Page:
A useful technique for synchronizing pollinators with the alfalfa, Medicago savita L. (Fabaceae), bloom is to interrupt the late spring incubation of developing bee pupae and pharate adults of Megachile rotundata (F.) (Hymenoptera: Megachilidae) with short-term low-temperature storage. However, low-temperature exposure can be stressful depending on the temperature, duration of exposure, and the developmental stage exposed. To evaluate the effect of low-temperature storage after development had already been initiated by exposure to 29°C, three developmental stages (eye pigment pupae, body pigment pupae, and pharate adults ready to emerge) were exposed to 6, 12, or 18°C for durations up to 28 d. The effect of delaying the termination of overwintering storage (6°C) from April to July (“April bees” and “July bees,” respectively) also was examined. The following observations were made: 1) All developmental stages of the April bees and July bees examined can be stored without harmful effects, as measured by percentage of survival, for 14 d at 12°C and above. 2) Postponing the termination of overwintering storage at 6°C from April until July significantly decreased the mean number of days to 95% adult emergence in the July ready-to-emerge bees across the three temperatures tested. 3) The increase of overwintering duration also caused a decrease in the postemergence longevity of the ready-to-emerge adults stored at 6°C for 14 d. 4) Of the three storage temperatures examined, 18°C seems to be the optimal storage temperature for short-term storage of developing bees because of their slow but continuing development without increased mortality either during storage or after emergence.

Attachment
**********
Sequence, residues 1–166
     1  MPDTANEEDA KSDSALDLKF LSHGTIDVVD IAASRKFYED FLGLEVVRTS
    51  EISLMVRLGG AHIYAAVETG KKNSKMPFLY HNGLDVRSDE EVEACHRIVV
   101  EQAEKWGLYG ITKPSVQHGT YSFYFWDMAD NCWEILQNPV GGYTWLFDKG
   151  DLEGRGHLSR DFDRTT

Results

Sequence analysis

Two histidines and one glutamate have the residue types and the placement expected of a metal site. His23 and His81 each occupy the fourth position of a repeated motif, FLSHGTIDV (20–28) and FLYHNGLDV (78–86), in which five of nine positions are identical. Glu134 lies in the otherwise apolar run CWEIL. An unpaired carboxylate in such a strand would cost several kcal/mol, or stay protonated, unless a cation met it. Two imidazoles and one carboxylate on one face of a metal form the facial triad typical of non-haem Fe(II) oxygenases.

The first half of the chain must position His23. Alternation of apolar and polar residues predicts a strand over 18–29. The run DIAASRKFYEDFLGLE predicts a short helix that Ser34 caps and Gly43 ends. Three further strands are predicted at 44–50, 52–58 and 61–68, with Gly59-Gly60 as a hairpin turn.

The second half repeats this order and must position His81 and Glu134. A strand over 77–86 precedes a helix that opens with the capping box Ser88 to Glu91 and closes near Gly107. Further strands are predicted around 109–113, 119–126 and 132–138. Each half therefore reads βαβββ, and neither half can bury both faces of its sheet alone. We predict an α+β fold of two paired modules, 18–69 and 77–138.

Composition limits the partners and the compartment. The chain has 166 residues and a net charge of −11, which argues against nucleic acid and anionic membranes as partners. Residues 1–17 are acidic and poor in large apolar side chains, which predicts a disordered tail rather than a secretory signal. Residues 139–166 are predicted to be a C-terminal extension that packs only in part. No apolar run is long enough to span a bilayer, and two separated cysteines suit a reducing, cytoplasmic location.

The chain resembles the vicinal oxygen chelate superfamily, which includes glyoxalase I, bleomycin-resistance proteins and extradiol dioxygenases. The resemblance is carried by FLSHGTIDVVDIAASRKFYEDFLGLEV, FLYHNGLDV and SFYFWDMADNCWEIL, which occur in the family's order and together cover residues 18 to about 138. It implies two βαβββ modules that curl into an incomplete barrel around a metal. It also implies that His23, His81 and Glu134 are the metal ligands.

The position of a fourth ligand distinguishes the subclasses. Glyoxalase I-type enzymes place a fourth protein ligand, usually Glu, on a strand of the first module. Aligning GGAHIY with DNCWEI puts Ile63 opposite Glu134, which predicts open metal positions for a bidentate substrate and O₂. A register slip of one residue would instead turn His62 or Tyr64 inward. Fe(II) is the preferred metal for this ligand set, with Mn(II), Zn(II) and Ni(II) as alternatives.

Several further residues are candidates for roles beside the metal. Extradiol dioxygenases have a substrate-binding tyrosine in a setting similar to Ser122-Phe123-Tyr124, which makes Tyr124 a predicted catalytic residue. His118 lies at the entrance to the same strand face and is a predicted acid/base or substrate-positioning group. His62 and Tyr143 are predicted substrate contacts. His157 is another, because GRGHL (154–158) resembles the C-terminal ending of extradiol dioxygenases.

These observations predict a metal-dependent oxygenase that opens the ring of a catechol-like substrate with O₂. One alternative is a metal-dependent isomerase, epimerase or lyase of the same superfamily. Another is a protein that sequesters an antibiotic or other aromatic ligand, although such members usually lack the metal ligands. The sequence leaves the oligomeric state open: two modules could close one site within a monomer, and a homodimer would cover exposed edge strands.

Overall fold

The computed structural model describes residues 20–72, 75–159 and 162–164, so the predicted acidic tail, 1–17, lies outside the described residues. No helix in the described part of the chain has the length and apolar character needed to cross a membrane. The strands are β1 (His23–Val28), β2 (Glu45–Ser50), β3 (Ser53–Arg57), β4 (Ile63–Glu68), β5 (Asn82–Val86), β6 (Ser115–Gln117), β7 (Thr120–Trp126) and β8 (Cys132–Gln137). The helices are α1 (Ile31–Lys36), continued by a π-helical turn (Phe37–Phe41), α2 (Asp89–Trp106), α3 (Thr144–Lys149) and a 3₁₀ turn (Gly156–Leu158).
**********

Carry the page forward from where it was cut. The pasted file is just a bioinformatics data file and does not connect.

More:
Journal of Economic Entomology is published bimonthly in February, April, June, August, October, and December. The journal publishes articles on the economic significance of insects and is divided into the following sections: apiculture & social insects; arthropods in relation to plant disease; forum; insecticide resistance and resistance management; ecotoxicology; biological and microbial control; ecology and behavior; sampling and biostatistics; household and structural insects; medical entomology; molecular entomology; veterinary entomology; forest entomology; horticultural entomology; field and forage crops, and small grains; stored-product; commodity treatment and quarantine entomology; and plant resistance. In addition to research papers, Journal of Economic Entomology publishes Letters to the Editor, interpretive articles in a Forum section, Short Communications, Rapid Communications, and Book Reviews.